Jonathan Sable was a bounty hunter and mercenary who previously had been an athlete in the 1972 Munich Olympic Games. After witnessing the terrorist outrages at those games, he married a fellow athlete and they relocated to Rhodesia, where Sable became an organizer of safaris for tourists, and later a game warden. It was during this time his family was murdered by poachers. After avenging his slain family, Sable returned to the US and became a freelance mercenary.

He also has a double identity as a successful children's book writer under the name of "B.B. Flemm". Unlike many such characters, his literary agent is aware of his other identity's activities, but is most persuasive in enforcing his writing contract obligations as well.


Jon Sable Freelance was the third release from First Comics and the company's first from a high-profile creator, with the appeal of the comic even outlasting its publisher.[1] The pioneering creator-owned comic[8] was also one of the first of the independent and dark superhero stories of the 1980s and, as described in Critical Survey of Graphic Novels: Heroes & Superheroes, "helped usher in the grim and gritty sensibility that came to define the genre.[1]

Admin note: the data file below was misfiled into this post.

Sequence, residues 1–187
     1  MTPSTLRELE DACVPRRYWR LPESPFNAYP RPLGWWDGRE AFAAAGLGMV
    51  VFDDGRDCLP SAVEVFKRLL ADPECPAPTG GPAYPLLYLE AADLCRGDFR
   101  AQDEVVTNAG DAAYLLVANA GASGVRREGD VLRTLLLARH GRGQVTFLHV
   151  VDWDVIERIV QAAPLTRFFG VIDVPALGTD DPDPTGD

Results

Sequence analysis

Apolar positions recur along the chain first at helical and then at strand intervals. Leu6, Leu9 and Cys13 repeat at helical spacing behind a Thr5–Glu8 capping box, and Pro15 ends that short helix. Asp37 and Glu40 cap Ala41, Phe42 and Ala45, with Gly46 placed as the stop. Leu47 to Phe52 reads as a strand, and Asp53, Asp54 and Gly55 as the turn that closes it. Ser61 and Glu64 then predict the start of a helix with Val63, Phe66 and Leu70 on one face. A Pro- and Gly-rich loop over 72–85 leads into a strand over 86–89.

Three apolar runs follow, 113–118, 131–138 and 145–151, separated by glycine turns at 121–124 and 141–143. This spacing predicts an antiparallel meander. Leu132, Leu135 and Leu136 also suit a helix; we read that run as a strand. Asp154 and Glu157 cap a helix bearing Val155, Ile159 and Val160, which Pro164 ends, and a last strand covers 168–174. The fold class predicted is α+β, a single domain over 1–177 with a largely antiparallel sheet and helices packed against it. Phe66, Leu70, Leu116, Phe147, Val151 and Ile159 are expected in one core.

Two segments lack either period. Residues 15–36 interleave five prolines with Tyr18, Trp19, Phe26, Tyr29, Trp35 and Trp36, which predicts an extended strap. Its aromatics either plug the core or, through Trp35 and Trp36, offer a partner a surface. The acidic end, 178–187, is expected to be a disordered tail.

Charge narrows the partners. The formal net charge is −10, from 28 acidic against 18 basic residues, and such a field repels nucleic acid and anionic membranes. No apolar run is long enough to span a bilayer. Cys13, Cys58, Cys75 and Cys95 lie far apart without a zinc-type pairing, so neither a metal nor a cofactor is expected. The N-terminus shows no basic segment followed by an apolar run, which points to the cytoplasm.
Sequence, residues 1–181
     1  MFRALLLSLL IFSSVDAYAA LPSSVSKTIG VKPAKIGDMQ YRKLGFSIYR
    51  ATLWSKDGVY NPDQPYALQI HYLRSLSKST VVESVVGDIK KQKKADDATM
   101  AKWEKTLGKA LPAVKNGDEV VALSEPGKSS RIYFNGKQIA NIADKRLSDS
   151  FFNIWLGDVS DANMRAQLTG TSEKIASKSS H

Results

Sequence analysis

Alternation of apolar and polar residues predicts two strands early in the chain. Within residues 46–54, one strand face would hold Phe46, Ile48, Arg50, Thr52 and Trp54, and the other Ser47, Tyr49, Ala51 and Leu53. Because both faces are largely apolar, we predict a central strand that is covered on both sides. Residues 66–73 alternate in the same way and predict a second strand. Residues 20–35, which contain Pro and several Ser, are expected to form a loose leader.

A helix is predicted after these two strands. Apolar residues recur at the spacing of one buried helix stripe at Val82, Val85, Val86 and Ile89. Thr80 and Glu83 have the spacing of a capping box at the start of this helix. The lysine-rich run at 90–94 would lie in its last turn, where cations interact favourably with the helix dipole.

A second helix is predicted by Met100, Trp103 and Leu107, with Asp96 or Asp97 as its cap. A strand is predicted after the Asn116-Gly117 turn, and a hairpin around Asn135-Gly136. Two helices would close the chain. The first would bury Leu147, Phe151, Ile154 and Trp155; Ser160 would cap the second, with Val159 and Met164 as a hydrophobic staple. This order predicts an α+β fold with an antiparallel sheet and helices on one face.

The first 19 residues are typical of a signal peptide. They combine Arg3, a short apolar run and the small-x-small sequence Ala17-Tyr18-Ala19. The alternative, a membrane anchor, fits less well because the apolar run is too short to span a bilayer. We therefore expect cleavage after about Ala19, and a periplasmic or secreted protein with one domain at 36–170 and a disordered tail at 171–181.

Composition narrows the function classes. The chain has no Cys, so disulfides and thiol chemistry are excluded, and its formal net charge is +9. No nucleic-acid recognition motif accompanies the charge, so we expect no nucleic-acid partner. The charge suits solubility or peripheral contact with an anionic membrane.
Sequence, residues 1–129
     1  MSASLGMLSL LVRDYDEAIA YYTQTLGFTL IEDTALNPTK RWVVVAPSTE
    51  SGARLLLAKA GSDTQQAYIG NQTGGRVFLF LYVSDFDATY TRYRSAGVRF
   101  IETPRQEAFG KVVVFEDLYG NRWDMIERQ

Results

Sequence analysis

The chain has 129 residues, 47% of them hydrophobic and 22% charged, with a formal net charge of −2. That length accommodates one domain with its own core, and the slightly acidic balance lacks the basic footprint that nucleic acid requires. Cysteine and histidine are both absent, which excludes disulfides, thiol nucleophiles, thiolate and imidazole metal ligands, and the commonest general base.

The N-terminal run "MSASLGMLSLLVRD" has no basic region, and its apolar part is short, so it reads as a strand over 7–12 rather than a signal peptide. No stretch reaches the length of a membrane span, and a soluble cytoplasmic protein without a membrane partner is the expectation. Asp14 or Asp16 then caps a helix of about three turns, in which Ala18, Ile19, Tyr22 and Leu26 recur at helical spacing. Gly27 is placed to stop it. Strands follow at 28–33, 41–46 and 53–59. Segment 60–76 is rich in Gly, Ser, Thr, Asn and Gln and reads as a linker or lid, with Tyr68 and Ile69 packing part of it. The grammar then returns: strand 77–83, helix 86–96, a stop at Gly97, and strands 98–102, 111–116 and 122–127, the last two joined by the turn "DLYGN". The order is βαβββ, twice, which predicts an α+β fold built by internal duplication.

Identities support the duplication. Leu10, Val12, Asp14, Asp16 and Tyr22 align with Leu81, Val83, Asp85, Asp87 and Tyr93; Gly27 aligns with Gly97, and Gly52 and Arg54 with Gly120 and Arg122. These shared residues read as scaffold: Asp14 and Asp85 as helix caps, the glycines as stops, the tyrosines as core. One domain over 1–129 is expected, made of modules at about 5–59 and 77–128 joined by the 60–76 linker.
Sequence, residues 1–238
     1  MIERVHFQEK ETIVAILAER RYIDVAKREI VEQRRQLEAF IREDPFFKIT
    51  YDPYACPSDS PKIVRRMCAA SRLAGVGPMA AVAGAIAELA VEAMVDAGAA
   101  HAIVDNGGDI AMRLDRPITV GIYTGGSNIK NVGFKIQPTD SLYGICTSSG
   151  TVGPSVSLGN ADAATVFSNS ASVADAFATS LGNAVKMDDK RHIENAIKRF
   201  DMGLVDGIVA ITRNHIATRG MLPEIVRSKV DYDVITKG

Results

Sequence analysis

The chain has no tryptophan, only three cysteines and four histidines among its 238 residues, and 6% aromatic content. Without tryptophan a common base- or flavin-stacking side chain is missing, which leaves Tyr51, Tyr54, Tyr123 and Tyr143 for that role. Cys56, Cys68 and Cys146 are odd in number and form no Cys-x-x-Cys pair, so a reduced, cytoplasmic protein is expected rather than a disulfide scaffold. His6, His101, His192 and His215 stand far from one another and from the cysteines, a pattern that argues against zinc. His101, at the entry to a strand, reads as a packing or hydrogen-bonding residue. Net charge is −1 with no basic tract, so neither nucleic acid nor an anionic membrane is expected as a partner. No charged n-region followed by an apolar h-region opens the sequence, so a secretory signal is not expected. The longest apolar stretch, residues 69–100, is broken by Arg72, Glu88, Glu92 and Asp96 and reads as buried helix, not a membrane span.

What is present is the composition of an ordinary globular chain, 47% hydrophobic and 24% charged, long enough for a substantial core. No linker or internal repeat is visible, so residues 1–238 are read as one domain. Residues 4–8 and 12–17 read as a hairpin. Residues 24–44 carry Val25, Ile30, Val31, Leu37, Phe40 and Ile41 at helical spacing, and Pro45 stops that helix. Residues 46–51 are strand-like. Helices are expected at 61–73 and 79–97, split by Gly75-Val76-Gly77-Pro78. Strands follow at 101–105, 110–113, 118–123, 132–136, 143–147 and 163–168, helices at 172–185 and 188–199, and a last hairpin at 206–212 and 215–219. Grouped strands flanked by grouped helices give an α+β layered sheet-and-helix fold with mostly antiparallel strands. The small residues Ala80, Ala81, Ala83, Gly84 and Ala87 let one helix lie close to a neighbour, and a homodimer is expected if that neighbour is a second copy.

Publishers Weekly has described the series as featuring "an unstoppable hero, realism in the weaponry and settings, lots of beautiful women and a combination of action and detection."[9]

KISS frontman Gene Simmons is a fan of the comic and purchased the rights to the series with the hope of turning it into an action movie with Pierce Brosnan as the lead.[10] Simmons even starred in the lead role in an un-aired pilot for the eventual Sable TV show.[11]

Collected editions

The series have been collected into individual volumes by IDW Publishing:

In other media


The first series also spawned a short-lived 1987 ABC TV series, called Sable.[1] Seven episodes were filmed. The aired pilot also included Lara Flynn Boyle, as a kidnap victim, in her first acting role.